And then comes… marriage.

Whether or not I should have been putting so much stock into my hair color is debatable (is it though?). But what troubled me most was the fact that I was willing to change something that at the time, was a part of my identity.

What if the desired effect had been achieved and he gave dating a chance? What other, more essential, parts of myself would I have been willing to give up when I felt distance coming between us, dissatisfaction cropping up?

What doubts about my truest self would arise when I felt I wasn’t enough for him?

I would like to be able to say that I never again did something dumb to win another’s approval, but I can’t. What I’ve hopefully done is made it to a place where I am trying to win the right people’s approval, for the right reasons, and in the right ways.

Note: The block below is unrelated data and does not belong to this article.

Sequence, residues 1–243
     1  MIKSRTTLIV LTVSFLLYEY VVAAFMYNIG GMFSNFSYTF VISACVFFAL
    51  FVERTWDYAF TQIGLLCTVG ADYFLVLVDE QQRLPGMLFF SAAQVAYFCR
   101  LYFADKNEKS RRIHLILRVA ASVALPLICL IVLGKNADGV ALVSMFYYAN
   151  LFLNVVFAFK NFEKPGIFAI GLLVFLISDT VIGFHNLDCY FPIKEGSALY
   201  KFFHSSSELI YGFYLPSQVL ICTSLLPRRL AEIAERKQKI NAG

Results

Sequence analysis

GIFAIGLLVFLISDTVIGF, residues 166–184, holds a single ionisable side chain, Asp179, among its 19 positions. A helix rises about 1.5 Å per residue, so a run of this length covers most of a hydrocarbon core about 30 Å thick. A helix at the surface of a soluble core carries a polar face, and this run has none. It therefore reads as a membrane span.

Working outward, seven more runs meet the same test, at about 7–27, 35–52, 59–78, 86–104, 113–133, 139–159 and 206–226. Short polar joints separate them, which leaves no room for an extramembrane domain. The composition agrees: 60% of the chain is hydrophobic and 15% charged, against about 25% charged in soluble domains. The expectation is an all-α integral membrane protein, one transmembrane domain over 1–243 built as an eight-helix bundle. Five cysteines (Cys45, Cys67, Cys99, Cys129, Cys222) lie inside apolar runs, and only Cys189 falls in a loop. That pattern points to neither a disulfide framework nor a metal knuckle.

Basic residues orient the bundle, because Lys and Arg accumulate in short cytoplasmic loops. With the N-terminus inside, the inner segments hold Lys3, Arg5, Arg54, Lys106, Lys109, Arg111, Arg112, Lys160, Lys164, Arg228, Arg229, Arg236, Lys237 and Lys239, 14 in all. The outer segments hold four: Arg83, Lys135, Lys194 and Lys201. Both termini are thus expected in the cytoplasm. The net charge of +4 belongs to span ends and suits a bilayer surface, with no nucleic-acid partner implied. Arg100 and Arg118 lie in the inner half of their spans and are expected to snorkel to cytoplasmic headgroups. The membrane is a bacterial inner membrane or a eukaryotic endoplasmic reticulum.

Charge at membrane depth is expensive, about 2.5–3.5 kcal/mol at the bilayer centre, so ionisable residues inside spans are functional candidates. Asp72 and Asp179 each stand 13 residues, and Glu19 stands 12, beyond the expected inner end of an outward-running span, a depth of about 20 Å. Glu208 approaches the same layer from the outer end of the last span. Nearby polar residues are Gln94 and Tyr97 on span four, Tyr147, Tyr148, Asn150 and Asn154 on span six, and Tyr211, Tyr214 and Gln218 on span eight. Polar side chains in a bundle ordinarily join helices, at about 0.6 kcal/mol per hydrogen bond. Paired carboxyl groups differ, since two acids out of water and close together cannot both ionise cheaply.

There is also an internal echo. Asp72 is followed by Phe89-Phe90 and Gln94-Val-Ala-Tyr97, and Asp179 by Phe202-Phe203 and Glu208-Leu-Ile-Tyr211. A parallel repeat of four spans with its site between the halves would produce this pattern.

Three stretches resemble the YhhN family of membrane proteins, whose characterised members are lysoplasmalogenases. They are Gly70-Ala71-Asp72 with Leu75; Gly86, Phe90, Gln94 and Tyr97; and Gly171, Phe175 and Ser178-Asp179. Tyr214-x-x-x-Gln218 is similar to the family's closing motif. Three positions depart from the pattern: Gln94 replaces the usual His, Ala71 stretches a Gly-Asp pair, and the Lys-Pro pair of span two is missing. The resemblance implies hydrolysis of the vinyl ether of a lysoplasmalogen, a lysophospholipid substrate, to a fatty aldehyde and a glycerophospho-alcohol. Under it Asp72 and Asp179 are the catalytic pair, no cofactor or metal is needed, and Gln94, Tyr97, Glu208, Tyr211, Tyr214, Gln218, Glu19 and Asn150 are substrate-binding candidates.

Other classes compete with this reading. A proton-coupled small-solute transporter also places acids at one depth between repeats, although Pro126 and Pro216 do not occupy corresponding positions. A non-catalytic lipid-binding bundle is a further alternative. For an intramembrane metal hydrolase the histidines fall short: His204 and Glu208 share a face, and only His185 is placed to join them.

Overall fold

Which begs the question: How much are we required to change for the sake of our partner? Is our partner expected to accept us no matter how we act, what we embrace, or how we change?

Although this flies in the face of my generation’s view on “being yourself,” I believe I should always be accepted for WHO I am, but I do not think I should always be accepted for HOW I am.

Who I am is someone who will always struggle with spontaneity and overthinking everything. My husband could work with the How and slooowly encourage me to think a little less before acting on the small stuff, and toward trying new things that, by loving me, he has learned I would enjoy.

How I am is pure banana-nut-cracker-Kool-aid-crazy when I’m hungry, and I wreak havoc on the whole family if I don’t eat. It’s my responsibility to improve my eating habits to promote peace for everyone. If my husband reminds me to eat, he’s not the bad guy trying to “change” me. Hangry is not Who I am.

If, on the other hand, he demanded I change how concerned I am with the well-being of a friend, or the overarching principles that guide the way I parent, or what topics I enjoy studying, that would beg the question of whether or not he is embracing my Who.